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One in two Australian Women face financial hardship

16 April 2002

More than one in two Australian women say they will need financial help such as the pension or will need to cut their lifestyle dramatically if they are to survive adequately during retirement, according to national research released today.

Among its key findings, the Commonwealth Bank Group research shows 36 per cent of women think they won't have enough money to live on when they retire unless they get financial help. A further 18 per cent say they will only have enough if they cut back their current lifestyle dramatically.

In comparison, one in four Australian men say they may need financial help, with a further 20 per cent expecting to cut back their lifestyle drastically to survive.

Commonwealth Bank Group General Manager, Investments and Insurance, Peter Beck, said an alarmingly high number of Australian women, around 54 per cent of all 16 to 59 year olds surveyed, are expecting to suffer financial hardship throughout their retirement - which can now represent a period of more than 25 years.

"The issue of retirement, and how to prepare for it, is different for every Australian," Mr Beck said. "The research has confirmed that for some, it is a long awaited period of personal and financial freedom. For others, retirement looms as a period of financial and/or personal crisis."

"This research confirms our view that many Australians are heading blindly into retirement without understanding how to prepare. Men and women of all ages and incomes remain confused about how much they need to retire on, what they have set aside for retirement and how they can help themselves achieve their goals."

According to the research, 23 per cent of Australians are too busy to worry about their finances, 32 per cent say planning their finances for retirement is so complex they don't know where to start, and 58 per cent don't know how much money they will have to retire on.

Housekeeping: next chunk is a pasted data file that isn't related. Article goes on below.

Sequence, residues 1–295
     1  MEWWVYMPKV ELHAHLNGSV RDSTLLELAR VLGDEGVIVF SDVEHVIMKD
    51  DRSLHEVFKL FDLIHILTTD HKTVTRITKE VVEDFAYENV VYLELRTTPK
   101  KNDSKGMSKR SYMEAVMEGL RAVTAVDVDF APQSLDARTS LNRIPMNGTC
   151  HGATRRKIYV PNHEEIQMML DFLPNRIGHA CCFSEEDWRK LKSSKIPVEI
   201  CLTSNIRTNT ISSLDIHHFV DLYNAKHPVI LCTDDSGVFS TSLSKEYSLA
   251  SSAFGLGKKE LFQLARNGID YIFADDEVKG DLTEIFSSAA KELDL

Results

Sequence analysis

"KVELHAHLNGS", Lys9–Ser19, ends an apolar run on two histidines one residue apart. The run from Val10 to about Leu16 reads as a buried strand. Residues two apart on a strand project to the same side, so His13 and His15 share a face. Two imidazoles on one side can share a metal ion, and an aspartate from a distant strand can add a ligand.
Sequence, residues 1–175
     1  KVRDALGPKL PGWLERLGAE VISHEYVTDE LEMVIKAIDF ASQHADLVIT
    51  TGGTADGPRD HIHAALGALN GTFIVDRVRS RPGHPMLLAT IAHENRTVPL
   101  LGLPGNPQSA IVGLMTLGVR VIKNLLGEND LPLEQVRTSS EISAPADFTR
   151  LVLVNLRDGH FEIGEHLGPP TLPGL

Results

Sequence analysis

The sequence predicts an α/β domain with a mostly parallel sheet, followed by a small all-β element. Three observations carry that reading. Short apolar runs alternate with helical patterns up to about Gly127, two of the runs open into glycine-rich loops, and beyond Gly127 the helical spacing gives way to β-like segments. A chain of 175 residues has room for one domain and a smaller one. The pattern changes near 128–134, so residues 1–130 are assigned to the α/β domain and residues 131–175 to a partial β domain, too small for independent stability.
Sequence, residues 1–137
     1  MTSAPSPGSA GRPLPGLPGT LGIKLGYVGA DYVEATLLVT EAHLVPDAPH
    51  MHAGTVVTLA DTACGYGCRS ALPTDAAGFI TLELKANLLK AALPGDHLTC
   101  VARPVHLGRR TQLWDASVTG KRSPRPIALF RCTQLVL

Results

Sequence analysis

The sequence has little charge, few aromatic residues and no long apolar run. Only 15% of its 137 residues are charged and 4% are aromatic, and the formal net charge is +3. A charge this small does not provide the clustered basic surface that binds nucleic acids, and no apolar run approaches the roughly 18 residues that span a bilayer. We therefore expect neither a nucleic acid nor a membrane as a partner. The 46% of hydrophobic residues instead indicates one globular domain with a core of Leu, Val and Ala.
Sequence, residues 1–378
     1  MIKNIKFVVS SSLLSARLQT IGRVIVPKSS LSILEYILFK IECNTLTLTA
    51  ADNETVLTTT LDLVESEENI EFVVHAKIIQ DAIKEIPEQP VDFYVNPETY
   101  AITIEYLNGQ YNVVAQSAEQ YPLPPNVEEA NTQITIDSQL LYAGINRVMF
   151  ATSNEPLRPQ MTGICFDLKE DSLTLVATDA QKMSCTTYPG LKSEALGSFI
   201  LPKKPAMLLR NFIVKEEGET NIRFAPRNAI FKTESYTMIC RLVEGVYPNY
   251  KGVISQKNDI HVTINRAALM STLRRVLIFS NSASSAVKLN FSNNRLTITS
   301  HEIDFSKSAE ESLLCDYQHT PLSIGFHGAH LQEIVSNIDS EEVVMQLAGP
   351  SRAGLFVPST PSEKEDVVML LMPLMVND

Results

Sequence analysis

"Alarmingly, the research shows that as a nation we still expect a helping hand in the form of a pension. We continue to expect that government-provided financial assistance will always be there for us to fall back on. In reality, it has been very clear for some time now that governments will continue to encourage all Australians to self-fund their retirements through superannuation schemes."

Among its key findings, the research shows:

  • 30 per cent of Australians with retirement ahead of them say they will need financial help in retirement.
  • In total, 54 per cent of Australian women and 43 per cent of men facing retirement say they will either need help or will have to cut back their lifestyle drastically to survive.
  • 44 per cent of Australia's 50-64 year olds say they will need financial help, and a further 17 per cent will need to cut back their lifestyle drastically.
  • 25 per cent of respondents earning between $70,000 and $100,000 say they may need financial help in retirement. A further 14 per cent will have to cut back their lifestyle.
  • Perth respondents feel most pessimistic about their financial security, with 49 per cent saying they will need financial help, and a further 12 per cent planning to cut back their lifestyle.
  • Divorced Australians expect tough retirements, with 51 per cent saying they will need help and 22 per cent planning to cut back their lifestyle.
  • Almost 60 per cent of Australians say they don't know exactly how much money they will have when they retire.
  • Only nine per cent of Australians say they contribute to superannuation schemes on top of their employer's superannuation to cover career breaks, with 16 per cent saying they work part-time and only contribute to superannuation when employed.

Concerned by these key research findings, the Commonwealth Bank Group has launched a major national retirement campaign designed to make it easier for every Australian to understand their retirement needs and how to make these achievable.

"This research is a wake-up call for all of us," Mr Beck said. "It's obvious that as a nation we need to better prepare for the future, that we need to take control of our finances, and better understand our superannuation programs if we are to enjoy any quality of life that we aspire to."

"This requires careful thought and planning, which is where financial institutions such as the Commonwealth Bank can lend a hand. We understand the issues, and can help each individual set achievable retirement goals.

"This doesn't have to be a complex process. It can be as simple as deciding to consolidate your super funds, or adjusting your mix of investment strategies, or simply putting aside an extra $40 a week for retirement. Whatever your circumstances now, or your stage of life, it's never too early or too late to better your situation and prepare for retirement."

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